Researchers at University of California San Diego School of Medicine, in collaboration with Rady Children’s Institute for Genomic Medicine, have been awarded a five-year, $8.3 million grant from the National Institutes of Health’s Eunice Kennedy Shriver National Institute of Child Health and Human Development to further illuminate the causes of spina bifida, the most common structural defect of the central nervous system.
Spina bifida occurs when the developing spine and spinal cord do not form properly. It’s a defect of the neural tube, the structure in developing embryos that eventually becomes the baby’s brain, spinal cord and surrounding tissues.
In spina bifida, a portion of the neural tube doesn’t close and the backbone protecting the spinal cord doesn’t form correctly, often resulting in damage to the cord and nerves that leads to physical and neurological disabilities, including paralysis from the waist down and hydrocephalus or excessive fluid buildup inside the brain.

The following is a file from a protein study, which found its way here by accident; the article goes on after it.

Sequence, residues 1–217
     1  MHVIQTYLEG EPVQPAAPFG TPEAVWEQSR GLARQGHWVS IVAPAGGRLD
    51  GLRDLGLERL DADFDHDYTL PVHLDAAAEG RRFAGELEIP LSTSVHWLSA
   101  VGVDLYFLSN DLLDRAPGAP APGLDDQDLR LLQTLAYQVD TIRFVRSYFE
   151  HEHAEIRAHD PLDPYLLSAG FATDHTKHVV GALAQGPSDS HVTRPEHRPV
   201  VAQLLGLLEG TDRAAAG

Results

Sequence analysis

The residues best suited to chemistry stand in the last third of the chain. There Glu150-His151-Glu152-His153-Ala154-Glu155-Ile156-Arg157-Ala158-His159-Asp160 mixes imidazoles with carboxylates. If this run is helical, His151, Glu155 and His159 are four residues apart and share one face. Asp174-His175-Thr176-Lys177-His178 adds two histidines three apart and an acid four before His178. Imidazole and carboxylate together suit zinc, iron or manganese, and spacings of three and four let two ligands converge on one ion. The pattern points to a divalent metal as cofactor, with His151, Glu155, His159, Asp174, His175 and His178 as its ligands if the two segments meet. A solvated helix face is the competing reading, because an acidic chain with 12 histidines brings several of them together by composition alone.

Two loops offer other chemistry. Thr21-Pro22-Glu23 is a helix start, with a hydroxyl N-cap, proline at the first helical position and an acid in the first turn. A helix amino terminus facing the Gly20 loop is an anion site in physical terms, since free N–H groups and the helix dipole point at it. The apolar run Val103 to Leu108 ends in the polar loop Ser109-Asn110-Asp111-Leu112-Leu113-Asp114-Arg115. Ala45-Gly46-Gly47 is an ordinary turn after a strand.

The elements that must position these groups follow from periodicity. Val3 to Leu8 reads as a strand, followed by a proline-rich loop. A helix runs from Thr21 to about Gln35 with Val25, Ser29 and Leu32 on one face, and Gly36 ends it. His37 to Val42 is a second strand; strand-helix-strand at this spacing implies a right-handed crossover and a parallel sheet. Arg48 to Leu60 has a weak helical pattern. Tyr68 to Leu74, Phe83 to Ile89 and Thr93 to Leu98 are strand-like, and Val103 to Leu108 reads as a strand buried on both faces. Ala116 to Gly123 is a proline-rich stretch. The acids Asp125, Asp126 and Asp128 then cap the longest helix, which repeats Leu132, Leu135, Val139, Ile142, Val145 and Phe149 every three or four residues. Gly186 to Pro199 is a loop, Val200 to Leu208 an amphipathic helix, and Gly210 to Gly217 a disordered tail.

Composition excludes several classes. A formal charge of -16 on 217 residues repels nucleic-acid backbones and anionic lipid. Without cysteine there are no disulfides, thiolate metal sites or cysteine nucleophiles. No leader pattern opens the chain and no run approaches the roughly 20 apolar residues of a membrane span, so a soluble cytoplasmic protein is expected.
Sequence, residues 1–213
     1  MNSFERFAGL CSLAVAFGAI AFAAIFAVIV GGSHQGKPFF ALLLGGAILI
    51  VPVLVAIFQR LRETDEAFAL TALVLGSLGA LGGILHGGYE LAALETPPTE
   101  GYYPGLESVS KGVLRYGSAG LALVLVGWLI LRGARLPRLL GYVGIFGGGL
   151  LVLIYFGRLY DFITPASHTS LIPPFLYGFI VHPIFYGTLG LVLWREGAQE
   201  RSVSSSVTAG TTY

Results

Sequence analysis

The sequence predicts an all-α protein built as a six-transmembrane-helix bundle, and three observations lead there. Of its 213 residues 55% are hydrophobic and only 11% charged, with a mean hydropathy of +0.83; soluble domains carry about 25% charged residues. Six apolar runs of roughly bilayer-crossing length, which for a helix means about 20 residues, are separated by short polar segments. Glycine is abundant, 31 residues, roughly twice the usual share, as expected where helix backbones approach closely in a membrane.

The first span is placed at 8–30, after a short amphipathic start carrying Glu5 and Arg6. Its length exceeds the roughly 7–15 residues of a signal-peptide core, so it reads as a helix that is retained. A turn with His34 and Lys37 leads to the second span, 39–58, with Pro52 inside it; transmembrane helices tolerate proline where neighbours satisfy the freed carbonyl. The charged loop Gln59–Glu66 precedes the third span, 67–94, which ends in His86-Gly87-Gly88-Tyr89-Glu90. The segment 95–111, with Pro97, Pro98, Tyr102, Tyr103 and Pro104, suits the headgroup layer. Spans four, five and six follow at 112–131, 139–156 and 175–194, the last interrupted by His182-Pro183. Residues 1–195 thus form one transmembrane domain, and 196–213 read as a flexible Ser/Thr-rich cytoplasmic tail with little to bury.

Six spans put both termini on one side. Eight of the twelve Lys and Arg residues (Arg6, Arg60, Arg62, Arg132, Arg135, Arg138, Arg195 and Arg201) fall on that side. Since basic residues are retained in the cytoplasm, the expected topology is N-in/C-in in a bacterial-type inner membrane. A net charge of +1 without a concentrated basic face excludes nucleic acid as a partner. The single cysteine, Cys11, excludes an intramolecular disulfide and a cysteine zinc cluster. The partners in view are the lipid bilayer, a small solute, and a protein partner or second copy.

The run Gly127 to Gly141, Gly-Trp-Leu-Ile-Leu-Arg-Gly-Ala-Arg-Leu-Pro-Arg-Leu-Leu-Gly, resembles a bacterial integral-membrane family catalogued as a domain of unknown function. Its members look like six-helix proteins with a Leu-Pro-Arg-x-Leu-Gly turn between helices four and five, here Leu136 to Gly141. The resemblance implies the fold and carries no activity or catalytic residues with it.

The condition is relatively rare, occurring in approximately one in 3,000 births worldwide. Treatment depends upon the severity of the condition, often involving surgeries before and after birth.
The exact cause of spina bifida is not known. It likely involves multiple factors: genetic, nutritional and environmental. Previous research has established that folic acid, known as vitamin B9, can halve the risk of spina bifida when taken by women prior to conception of a child. As a result, folic acid is a common nutritional supplement in grain-based foods in the United States and other countries.…